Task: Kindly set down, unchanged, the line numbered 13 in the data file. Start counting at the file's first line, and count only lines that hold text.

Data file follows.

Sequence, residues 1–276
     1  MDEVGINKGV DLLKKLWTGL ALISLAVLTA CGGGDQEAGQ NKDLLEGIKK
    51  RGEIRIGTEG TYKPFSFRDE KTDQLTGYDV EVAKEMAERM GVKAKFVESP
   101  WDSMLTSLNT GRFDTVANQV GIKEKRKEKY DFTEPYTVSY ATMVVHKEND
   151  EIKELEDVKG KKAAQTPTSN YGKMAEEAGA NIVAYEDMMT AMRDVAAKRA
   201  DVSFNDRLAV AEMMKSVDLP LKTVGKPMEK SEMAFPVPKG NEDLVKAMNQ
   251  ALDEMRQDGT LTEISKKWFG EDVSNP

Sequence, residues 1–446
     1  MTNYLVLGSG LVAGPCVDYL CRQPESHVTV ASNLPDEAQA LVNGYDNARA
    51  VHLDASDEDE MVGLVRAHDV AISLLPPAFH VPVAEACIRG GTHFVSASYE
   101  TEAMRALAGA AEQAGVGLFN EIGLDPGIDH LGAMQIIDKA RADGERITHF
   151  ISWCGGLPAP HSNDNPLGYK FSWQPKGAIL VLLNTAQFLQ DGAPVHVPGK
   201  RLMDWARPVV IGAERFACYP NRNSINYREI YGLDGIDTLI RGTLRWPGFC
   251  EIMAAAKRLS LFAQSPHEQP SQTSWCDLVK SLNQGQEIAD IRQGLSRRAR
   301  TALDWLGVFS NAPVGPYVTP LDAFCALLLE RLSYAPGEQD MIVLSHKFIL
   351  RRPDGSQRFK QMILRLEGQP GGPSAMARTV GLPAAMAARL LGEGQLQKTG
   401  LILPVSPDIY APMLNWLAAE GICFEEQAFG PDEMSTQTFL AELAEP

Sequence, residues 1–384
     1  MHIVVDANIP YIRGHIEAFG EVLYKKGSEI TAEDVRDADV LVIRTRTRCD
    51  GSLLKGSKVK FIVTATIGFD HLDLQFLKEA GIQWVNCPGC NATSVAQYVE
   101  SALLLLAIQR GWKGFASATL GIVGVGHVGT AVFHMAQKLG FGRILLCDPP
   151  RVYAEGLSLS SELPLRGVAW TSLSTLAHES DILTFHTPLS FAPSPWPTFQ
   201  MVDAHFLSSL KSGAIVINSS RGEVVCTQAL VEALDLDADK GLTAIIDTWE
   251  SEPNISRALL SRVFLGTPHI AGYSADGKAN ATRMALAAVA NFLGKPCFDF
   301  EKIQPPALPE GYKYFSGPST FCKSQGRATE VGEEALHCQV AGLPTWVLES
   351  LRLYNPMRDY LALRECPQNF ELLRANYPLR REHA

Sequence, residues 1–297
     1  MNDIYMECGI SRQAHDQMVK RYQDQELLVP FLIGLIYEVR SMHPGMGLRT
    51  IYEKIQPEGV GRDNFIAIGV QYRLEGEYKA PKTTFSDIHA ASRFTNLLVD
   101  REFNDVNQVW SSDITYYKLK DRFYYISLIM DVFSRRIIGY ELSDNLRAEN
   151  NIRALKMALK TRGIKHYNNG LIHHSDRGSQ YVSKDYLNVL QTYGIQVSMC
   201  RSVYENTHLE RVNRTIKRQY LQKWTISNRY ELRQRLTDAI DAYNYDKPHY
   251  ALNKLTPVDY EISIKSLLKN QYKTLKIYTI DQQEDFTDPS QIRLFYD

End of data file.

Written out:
   201  RLMDWARPVV IGAERFACYP NRNSINYREI YGLDGIDTLI RGTLRWPGFC